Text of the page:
Canada’s team leader, Ken Read, called the ruling “obscene.” And Frechette, when asked in French whether she felt that she deserved the gold instead of the silver, laughed gently and replied, “Dans mon coeur (in my heart).” In Montreal, Frechette’s brother, 21-year-old Martin, declared: “She is better than a gold medallist. Here, in Quebec, she’s a queen.”
Other competitors also came away with less than they expected. Critchlow, the 23-year-old world-champion kayaker in the 500-m event, did not even make the finals in his specialty. “In the 500 m,” said the native of Nepean, Ont., an Ottawa suburb, “you go as hard as you can and die. That’s what happened: with 100 m to go, I just had no gas.”
Smith, the 24-year-old decathlete who finished second at last summer’s World Track and Field Championships in Tokyo, withdrew from his gruelling 10-part event after completing the first day’s competition in 21st place–the result of continued problems with a hamstring muscle that he pulled last May. “My whole first day was down, from the 100 m right on,” said the University of Toronto student. After watching the competition on TV in Smith’s home town of Kenora, Ont., his mother, Bernice, said: “I was feeling his pain in my stomach. We knew something had really gone wrong.” In the end, the decathlon crown went not to Smith or favored Dave Johnson of the United States, but to Czechoslovak Robert Zmelik.
In a week packed with surprises–including the shocking failure of the Unified Team’s world record-holding pole-vaulter Sergei Bubka–the Canadians provided their share. Mark McKoy dashed to a gold medal in the 110-m hurdles–and enjoyed a measure of vindication. He served a two-year suspension from athletics after departing early from the Seoul Olympics in the wake of Ben Johnson’s positive steroid test; later, he admitted that he had also used steroids for a period in 1988. Last week, McKoy, who has trained in Wales since November, was gracious after his victory. He gave the credit for his success to his Welsh-based training partner and coach, but added: “It is not too often that we have a Canadian flag going around the track, and I was really proud to put it around myself and take that lap.”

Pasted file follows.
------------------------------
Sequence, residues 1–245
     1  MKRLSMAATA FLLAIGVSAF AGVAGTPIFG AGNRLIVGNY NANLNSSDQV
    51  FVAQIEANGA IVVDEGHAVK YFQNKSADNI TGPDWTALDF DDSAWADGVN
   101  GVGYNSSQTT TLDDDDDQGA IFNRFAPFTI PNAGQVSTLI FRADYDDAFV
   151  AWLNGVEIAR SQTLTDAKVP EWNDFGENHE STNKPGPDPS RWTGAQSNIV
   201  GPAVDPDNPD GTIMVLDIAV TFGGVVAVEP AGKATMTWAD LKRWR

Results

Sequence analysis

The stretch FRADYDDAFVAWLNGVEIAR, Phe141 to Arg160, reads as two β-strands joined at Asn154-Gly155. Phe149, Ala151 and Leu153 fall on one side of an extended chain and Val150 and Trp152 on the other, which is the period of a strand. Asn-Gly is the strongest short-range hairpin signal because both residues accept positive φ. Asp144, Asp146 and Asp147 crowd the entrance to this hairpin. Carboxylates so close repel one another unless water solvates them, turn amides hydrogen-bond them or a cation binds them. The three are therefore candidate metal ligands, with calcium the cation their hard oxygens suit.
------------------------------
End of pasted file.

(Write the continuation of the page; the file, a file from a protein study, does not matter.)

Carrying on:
Ross MacDonald, 27, of Vancouver, and Eric Jespersen, 30, of Sidney, B.C., savored the joys of their bronze medal in Star-class sailing. Victoria-based runner Angela Chalmers, 28, who won bronze in the 3,000 m, declared: “I’m ecstatic that I got a medal. But I enjoyed this whole process, and if I can keep that attitude, I think I’ll stay in the sport for a long time.” Chalmers is one of nine children, a status Indian who is a member of Manitoba’s Birdtale Sioux band. Her Olympic success, said her 24-year-old brother Stuart, who lives on the reserve, “is important for this community, but I’m sure that kids all over will listen to her, not just native kids.”
Wrestler Jeffrey Thue of Port Moody, B.C., went home with a silver but without any burning determination to stick with his sport. A stone-cutter who is two-thirds of the way towards an undergraduate degree at Simon Fraser University, Thue says that competing “is not the be-all and end-all–I’m lucky to have a wife and two healthy children.” Last week, the six-foot, six-inch, 260-lb. athlete was eager to rejoin them for what he said was a favorite pastime: “Just lying on the floor and letting the kids maul me.”